Swamis in Scandals: What Keeps the Faith?

Twenty-seven-year-old Priya, a devotee of Paramahamsa Nityananda Swami, can’t believe a video footage where the Karnataka-based spiritual guru is allegedly shown in a compromising position with a Tamil actress.

“I still doubt whether it is swamiji or it is a graphic gimmick,” a shocked Priya told IANS.

Nityananda Swami’s is not the first reported case of a person in religious garb being caught in a scandal. Of late, a number of swamis have been in the news for the wrong reasons.

Ichchadhari Sant Swami Bhimanand Ji Maharaj was arrested for running a multi-crore rupee sex racket in Delhi involving former air hostesses. Kumar Sahai alias Swami Ji was arrested from Ghaziabad, on the outskirts of Delhi, for kidnapping a girl.

Guru Asaram Bapu is still under the police scanner for the deaths of two minor boys in his ashram-run gurukul in Ahmedabad, while several years ago Kancheepuram mutt head Jayendra Saraswathi was charged with the murder of a former employee.

Although many blame followers for not being discerning enough, more interestingly what has emerged is the unshakable faith that devotees, particularly women who seek solutions to personal problems, have in them.

Swami Shantatmananda, secretary of the Ramkrishna Mission, told IANS: “One should seek god through prayer and scriptures and not through fake godmen.”

“They thrive due to thoughtless followers who have not understood the true meaning of spirituality. Ignorant, miracle-and-fortune-seeking followers are the ones who help such fake swamis prosper in our society,” he said.

According to Swami H.H. Sukhabodhananda, founder of the Prasanna Trusta, “Like fake doctors and engineers, there are also fake godmen in society.”

Kamini Jaiswal, a senior Supreme Court lawyer, who has fought a case against Sathya Sai Baba, blames blind followers for such incidents. “It is shocking to see that well educated people are followers of such godmen,” she said.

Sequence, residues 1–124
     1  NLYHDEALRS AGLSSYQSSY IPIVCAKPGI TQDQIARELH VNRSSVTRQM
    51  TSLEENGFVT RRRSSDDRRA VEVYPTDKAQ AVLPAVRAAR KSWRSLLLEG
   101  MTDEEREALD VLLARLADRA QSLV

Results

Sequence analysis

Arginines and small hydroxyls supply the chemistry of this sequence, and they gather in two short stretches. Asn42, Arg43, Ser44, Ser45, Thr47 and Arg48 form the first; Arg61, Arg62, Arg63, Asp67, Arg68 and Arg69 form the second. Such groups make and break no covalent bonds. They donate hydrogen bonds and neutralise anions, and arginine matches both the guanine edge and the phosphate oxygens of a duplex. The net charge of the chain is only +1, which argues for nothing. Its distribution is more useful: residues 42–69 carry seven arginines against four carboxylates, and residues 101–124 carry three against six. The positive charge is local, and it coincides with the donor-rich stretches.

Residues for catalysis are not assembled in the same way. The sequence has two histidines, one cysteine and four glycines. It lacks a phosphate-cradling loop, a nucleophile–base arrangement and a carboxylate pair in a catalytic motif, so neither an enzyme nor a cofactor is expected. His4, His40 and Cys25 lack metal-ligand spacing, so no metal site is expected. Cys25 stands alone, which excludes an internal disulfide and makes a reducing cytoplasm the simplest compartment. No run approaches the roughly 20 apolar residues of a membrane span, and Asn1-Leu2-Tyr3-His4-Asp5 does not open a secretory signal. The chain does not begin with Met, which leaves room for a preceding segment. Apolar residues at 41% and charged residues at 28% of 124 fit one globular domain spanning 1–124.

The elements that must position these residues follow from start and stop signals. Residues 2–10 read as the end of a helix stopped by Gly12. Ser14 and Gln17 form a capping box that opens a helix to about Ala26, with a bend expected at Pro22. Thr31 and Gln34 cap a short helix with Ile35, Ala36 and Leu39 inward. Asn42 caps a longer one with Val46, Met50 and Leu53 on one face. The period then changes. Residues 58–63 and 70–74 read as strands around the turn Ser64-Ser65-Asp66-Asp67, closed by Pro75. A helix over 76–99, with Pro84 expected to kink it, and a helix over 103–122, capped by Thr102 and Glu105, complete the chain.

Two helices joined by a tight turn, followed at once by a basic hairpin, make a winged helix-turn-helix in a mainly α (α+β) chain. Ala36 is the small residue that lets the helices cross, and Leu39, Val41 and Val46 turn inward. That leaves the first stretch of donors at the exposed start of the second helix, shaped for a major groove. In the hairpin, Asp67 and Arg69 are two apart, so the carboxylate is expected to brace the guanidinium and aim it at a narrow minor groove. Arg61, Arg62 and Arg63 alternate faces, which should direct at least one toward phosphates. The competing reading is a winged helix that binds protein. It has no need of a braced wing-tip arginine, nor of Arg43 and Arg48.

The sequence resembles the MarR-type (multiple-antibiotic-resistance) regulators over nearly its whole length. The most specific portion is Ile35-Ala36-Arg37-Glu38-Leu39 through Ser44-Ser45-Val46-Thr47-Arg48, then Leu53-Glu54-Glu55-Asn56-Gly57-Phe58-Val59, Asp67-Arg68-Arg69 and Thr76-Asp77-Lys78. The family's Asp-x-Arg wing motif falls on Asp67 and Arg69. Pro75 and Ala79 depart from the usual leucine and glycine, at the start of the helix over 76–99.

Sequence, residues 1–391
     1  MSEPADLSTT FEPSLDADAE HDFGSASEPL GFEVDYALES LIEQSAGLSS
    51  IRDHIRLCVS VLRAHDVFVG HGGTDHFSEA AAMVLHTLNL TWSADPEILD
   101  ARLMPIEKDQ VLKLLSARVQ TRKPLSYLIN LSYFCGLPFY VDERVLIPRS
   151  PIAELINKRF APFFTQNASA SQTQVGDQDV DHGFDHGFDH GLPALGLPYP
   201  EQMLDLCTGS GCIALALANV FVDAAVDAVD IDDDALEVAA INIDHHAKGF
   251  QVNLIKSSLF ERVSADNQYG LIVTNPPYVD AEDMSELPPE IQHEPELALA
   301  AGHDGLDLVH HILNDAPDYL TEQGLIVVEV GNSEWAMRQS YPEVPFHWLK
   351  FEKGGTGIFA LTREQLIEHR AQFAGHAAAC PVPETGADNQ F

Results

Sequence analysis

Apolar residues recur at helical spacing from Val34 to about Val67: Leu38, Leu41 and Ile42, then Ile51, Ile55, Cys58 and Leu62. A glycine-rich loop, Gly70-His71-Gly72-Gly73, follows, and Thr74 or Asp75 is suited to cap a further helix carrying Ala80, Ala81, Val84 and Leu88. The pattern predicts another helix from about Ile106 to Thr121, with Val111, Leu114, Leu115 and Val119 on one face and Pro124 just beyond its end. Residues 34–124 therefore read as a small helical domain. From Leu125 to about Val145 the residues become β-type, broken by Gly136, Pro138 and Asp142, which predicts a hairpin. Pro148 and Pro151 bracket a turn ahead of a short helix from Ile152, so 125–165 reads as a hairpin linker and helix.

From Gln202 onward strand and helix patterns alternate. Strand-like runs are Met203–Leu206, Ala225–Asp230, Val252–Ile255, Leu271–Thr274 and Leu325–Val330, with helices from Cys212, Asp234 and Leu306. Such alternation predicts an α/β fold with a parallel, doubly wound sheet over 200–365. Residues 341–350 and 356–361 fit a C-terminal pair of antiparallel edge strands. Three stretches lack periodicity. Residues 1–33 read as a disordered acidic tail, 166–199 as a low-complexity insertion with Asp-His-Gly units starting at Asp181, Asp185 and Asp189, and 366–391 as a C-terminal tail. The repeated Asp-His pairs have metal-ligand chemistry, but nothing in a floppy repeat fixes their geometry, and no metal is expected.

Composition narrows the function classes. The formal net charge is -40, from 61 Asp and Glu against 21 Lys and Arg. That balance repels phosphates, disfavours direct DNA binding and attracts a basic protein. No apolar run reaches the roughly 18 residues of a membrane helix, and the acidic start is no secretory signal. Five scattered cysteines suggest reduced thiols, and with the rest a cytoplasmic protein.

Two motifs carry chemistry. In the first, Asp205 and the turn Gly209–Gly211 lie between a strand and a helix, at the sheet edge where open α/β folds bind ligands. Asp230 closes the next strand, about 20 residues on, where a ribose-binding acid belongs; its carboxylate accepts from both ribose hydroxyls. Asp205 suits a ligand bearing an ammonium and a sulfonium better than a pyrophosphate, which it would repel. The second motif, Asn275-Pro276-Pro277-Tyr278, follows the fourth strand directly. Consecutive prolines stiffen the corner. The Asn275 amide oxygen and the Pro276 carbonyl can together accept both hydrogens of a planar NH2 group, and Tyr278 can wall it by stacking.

Police say they can’t act against fake swamis until they get a complaint. “It’s a social issue, with proper evidence, police will do its duty and arrest fake godman. As for the public, it’s high time they recognised such fraudsters,” Rajan Bhagat, Delhi Police spokesman, told IANS.

Sudha Sundaram, general secretary of the All India Democratic Women’s Association (AIDWA), says their should checks and balances.

“The government should come up with a state-level monitoring system to check the registration of an ashram and its source of income before providing monetary support,” he said.

But there are those who are angry with the names of gurus being dragged into scandals. One of them is yoga guru Ramdev, who said the recent arrests, were “a very big conspiracy”.

“Some politicians and communal forces are conspiring to malign the name of Indian saints by trapping them in cases related to fake currency, rape, murder, sex scandals and drugs,” he said.

Agreed Anitha Swaminathan, a member of the Theosophical Society in Chennai. “Our country has veteran sadhus and swamijis. Such fake godmen are just a bubble in the water,” she said.

The arrests have not altogether made much of a dent in the mindset of people or deterred them from following a guru who would show them the light in their day to day problems. But it has helped them understand the need for the right one.

Naunidhi Kaur, a follower of Radhaswami Satsung, said: “There are numerous ashrams and satsangs that stand out for their spiritual teachings and true selfless service to mankind. A follower just needs to be more knowledgeable about the faith and not just be a blind one.”

Summed up Balakrishnan, who follows the preachings of Jiddu Krishnamurti: “I am not a follower of any particular swamiji. But I have come across many sadhus who are true. With just one or two involved in such cheap incidents, we cannot condemn the whole community,” he added.

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